The Past in China's Present

What is a reasonable view of China's recent history? To put it crudely: does it matter that the Chinese Communist Party killed millions upon millions people, desecrated the environment and deeply wounded China's traditional culture?

Chinese intellectuals tend to avoid the issue, shrugging it off as irrelevant and anyway too unpleasant to contemplate. We need to look ahead and not back, they say. Things are finally moving in the right direction and let's not, please, do anything that may upset that hopeful movement.

I don't think it is that simple. The party in power in China today is the same as the one that did so much harm to China and to millions of Chinese. It no longer practices the policies that led to multiple disasters. But it has not formally reneged on its core beliefs or canonical texts, and the man responsible for more deaths than most people in history is still officially revered (though it is nowadays admitted that he did in fact commit a few "mistakes"). The party's leadership technique, a form of Leninism, remains basically unchanged.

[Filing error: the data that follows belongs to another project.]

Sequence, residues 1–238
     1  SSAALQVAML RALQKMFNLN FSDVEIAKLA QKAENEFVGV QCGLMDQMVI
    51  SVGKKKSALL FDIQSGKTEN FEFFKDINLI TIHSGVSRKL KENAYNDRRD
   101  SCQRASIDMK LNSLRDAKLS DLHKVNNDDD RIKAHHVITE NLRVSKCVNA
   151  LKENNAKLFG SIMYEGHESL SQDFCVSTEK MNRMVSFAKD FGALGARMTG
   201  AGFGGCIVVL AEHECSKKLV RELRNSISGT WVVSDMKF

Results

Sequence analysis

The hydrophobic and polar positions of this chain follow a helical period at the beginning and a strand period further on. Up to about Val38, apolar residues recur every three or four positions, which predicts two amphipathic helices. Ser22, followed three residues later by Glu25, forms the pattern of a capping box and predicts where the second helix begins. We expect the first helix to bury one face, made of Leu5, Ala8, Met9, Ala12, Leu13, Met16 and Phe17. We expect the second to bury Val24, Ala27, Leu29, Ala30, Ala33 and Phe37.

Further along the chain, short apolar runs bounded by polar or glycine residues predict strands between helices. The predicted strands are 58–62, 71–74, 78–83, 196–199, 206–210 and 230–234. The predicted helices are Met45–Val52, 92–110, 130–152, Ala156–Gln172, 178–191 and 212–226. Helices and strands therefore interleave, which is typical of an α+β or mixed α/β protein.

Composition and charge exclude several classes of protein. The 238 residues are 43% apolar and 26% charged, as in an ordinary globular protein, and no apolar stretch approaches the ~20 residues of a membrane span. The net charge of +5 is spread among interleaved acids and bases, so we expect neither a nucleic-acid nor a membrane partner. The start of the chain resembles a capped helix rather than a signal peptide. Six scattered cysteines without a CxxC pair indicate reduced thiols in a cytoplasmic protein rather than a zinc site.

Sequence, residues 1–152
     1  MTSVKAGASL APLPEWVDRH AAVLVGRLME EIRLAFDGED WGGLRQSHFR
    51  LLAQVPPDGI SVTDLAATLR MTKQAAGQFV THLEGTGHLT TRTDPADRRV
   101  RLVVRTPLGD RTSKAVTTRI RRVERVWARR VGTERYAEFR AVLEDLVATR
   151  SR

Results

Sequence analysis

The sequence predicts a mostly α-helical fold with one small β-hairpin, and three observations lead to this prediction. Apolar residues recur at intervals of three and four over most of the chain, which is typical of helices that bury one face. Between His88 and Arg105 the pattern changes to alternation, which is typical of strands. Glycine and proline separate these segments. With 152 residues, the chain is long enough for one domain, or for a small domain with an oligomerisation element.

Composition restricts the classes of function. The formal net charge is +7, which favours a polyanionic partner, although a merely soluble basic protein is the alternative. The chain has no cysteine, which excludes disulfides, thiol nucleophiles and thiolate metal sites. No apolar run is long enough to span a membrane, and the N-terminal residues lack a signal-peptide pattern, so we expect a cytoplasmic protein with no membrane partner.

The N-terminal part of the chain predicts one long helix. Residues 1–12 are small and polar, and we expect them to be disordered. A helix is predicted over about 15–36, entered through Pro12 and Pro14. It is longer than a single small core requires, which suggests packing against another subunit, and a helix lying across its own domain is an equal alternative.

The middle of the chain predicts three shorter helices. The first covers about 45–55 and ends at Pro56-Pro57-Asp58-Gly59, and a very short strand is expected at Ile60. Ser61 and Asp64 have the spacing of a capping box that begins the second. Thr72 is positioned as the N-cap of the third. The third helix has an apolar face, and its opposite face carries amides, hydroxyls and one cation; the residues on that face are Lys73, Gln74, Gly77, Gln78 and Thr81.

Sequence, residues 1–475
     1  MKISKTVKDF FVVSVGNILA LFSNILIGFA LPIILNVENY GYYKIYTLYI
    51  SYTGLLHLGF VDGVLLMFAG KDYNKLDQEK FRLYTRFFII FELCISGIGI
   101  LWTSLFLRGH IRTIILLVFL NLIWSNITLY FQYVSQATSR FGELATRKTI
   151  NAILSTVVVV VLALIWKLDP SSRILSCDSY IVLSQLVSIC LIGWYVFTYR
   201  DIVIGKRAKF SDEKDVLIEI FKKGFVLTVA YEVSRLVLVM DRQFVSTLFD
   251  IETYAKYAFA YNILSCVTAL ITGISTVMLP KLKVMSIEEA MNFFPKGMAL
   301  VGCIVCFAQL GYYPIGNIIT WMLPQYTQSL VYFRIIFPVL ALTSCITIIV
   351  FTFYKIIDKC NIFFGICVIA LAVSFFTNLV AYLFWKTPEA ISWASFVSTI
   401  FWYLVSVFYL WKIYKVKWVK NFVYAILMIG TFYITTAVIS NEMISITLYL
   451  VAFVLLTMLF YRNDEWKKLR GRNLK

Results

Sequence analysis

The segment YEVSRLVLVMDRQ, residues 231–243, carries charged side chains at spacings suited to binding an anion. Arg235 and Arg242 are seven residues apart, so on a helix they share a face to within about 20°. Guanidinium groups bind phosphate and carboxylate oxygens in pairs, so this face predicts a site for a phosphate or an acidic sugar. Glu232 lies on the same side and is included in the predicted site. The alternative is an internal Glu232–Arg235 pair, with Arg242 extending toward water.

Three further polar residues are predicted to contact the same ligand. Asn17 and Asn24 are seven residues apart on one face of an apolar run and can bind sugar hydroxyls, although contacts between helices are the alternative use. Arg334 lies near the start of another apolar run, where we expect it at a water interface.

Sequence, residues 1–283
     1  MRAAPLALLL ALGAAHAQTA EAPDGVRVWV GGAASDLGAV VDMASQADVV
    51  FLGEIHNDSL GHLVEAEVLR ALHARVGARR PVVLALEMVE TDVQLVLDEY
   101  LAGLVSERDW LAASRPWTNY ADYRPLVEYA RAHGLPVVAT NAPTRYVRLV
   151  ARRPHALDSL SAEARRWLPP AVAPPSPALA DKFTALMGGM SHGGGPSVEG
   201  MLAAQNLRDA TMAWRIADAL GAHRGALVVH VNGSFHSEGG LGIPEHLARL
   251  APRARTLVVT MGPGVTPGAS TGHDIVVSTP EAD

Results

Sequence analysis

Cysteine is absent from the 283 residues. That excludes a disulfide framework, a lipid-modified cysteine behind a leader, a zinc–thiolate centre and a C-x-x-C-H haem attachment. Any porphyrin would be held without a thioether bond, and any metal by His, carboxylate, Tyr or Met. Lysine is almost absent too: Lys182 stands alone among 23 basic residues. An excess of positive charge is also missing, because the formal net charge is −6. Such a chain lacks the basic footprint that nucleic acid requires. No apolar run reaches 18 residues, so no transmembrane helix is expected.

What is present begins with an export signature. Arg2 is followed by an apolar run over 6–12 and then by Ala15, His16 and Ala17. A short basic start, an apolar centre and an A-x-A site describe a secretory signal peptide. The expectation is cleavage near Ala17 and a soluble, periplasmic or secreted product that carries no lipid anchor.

There are millions of people in China today whose lives were devastated by the Communist regime. If you include parents, children and relations of the prime victims, you probably get a hundred million or more. It is reasonable to believe that they are angry, feel humiliated or wronged, or all of the above. A lot of people feeling this way is not good for any society.